Bed bug traps are a great way to confirm bed bugs are in the area. Before deploying spray and powders make sure that there actually are bed bugs. This trap has a clear top so it can be checked daily to see if there are bed bugs around. Once bed bugs are found then a room treatment or cleaning process can be implemented.
Black Light to Detect and Spray Bed Bugs
Bed bugs can be hard to find just by looking around as they hide in small crevices. A black-light can be useful to find bed bugs and other stains in bedding, carpet, and luggage. This light comes with batteries and UV sunglasses. The light does not kill the bed bugs and is only used to locate them. If bed bugs are found the area should be cleaned and traps, sprays, or powders should be used to get rid of them.
Related Article: 8 Best Bed Bug Killers
Bed Bugs Resistant to Sprays
Bed bugs have also developed resistance to neonicotinoids, according to a new study, but, as with pyrethroids, this isn’t universal. The study found that imidacloprid and other neonicotinoids killed bed bugs very quickly if they had no resistance. A pyrethroid-resistant population of bed bugs did not show any resistance to imidacloprid. The bed bugs from Cincinnati and Michigan, which were collected after widespread use of both neonicotinoids and pyrethroids, showed the highest level of resistance to neonicotinoids.
By combining both a pyrethroid and a neonicotinoid with a synergist, the Ortho Home Defense Max may just have success at killing bed bugs in your home even if they have some resistance to one or both chemicals.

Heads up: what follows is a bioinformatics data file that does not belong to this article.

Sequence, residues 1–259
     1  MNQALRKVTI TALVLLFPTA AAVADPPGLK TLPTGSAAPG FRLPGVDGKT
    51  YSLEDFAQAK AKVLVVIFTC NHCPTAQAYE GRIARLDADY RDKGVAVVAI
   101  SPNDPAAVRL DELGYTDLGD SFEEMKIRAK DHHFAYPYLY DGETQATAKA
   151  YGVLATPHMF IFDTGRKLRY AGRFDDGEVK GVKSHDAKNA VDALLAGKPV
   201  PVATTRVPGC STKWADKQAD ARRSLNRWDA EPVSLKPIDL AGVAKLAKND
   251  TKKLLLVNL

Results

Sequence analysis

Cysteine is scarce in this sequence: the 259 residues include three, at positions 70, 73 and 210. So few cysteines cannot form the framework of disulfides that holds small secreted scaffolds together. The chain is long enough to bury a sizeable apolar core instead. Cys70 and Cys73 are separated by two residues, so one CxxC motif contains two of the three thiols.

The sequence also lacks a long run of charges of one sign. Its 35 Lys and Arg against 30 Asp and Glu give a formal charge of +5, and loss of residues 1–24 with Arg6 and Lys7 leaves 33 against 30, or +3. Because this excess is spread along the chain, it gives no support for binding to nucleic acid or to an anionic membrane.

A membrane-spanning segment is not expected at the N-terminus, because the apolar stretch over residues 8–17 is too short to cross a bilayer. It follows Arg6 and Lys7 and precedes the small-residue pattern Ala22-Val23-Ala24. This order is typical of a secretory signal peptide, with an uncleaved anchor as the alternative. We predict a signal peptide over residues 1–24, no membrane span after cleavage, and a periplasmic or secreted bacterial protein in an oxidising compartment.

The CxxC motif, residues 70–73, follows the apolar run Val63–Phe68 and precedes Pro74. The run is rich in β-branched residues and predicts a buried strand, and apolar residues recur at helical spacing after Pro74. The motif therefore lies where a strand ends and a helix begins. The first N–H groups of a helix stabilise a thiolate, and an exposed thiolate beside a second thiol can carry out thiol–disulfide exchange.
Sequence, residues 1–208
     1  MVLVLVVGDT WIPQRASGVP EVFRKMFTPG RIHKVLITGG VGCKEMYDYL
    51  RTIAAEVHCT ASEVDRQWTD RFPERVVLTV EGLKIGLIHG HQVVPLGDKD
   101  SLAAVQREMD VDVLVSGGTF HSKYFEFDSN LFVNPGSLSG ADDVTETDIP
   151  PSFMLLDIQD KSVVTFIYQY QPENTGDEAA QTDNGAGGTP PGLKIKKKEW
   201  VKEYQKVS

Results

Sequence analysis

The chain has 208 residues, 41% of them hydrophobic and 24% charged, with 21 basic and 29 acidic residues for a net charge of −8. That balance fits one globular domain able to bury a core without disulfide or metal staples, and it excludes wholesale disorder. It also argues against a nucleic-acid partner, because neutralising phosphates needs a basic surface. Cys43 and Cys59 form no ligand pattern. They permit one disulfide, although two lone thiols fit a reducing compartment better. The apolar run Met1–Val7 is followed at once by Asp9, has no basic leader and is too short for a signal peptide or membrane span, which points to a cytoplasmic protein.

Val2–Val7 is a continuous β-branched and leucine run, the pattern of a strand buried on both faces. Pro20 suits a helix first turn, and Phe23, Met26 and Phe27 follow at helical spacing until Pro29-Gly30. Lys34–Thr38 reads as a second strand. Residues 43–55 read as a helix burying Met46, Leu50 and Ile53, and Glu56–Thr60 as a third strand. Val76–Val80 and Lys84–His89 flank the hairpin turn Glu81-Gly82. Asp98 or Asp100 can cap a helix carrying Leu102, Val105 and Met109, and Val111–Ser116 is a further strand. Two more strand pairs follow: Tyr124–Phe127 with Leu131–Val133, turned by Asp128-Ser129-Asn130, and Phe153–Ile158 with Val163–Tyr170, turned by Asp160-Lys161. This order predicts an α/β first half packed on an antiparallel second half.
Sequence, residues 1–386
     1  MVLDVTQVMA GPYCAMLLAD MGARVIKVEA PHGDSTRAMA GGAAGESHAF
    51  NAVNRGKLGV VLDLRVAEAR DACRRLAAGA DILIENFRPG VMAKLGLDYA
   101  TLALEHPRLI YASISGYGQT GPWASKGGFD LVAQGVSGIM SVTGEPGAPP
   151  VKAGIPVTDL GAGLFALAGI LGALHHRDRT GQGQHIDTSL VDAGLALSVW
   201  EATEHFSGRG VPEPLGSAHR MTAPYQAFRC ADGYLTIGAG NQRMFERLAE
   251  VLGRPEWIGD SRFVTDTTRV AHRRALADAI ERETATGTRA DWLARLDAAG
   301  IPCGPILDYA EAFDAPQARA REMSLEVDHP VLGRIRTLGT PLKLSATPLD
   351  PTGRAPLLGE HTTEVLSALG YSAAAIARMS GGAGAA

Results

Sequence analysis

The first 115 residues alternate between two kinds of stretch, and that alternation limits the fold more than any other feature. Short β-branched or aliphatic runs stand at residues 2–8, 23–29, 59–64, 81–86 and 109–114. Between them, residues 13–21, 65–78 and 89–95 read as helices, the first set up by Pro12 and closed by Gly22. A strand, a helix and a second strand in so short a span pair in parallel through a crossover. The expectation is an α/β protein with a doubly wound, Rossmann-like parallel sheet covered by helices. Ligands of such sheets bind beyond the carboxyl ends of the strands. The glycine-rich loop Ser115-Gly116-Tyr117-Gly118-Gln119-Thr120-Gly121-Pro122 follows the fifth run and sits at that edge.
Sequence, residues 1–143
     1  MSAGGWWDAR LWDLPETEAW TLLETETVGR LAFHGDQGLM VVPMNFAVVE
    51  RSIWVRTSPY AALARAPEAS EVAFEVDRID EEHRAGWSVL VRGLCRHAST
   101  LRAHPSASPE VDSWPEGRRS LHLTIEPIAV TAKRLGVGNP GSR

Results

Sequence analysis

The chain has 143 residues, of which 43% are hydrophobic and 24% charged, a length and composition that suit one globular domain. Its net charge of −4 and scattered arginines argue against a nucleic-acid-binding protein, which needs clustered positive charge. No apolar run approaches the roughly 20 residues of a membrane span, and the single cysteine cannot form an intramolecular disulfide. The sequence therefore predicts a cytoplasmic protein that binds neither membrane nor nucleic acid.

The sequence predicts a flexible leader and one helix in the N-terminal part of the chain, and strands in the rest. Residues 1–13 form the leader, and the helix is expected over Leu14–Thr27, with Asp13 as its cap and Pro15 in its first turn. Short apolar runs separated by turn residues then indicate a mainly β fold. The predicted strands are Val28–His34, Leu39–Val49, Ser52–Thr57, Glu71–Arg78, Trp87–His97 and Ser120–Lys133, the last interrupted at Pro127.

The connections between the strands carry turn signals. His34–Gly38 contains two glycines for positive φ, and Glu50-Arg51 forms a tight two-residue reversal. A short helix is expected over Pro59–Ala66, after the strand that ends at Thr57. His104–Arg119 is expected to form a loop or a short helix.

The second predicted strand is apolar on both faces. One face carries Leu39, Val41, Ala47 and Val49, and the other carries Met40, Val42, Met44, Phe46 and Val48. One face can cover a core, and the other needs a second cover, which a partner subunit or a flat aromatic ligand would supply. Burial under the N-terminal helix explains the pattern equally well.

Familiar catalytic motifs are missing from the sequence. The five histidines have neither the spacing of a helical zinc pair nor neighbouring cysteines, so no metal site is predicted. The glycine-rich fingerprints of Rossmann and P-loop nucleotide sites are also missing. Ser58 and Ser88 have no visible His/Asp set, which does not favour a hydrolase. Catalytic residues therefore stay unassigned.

The Rutgers Study on Biopesticides for Bed Bugs
The definitive Rutgers study compared biopesticides, synthetic insecticides, and detergents including Bed Bug Patrol, EcoRaider, Essentria, Green Rest Easy, Eradicator, Bed Bug 911, Bed Bug Bully, Rest Assured, Bed Bug Fix, Stop Bugging Me, EcoEXEMPT IC2, Demand CS, and Temprid SC. The last two are synthetic insecticides typically used in professional bed bug treatment.
The study involved two experiments. In the first, detergents and biopesticides were tested. Bed bug nymphs were placed on filter paper and treated directly with a pesticide spray then transferred to a clean plastic petri dish. Mortality was recorded at 1, 3, 5, 7, and 10 days after exposure.
The most effective biopesticides from this test were included with additional biopesticides and the two synthetic insecticides in a second experiment involving the same procedure.
The study clearly showed that EcoRaider and Bed Bug Patrol were the best natural pesticides producing high mortality rates after 10 days in both experiments. The other biopesticides caused 60% mortality or less after 10 days. Some even had no effect when directly applied to bed bugs.
Among the synthetic pesticides used in professional bed bug treatment, Temprid SC was found to be much more effective than Demand CS. Bed bugs have developed moderate tolerance to Demand CS.
While these results are very promising, it’s important to remember one thing:
These experiments involved applying the bed bug sprays directly to the bed bug’s body. That’s hardly representative of real-world conditions.
Let’s go into more detail about how Bed Bug Patrol and EcoRaider work where other sprays fail and why you shouldn’t rely on sprays alone to get rid of bed bugs in your house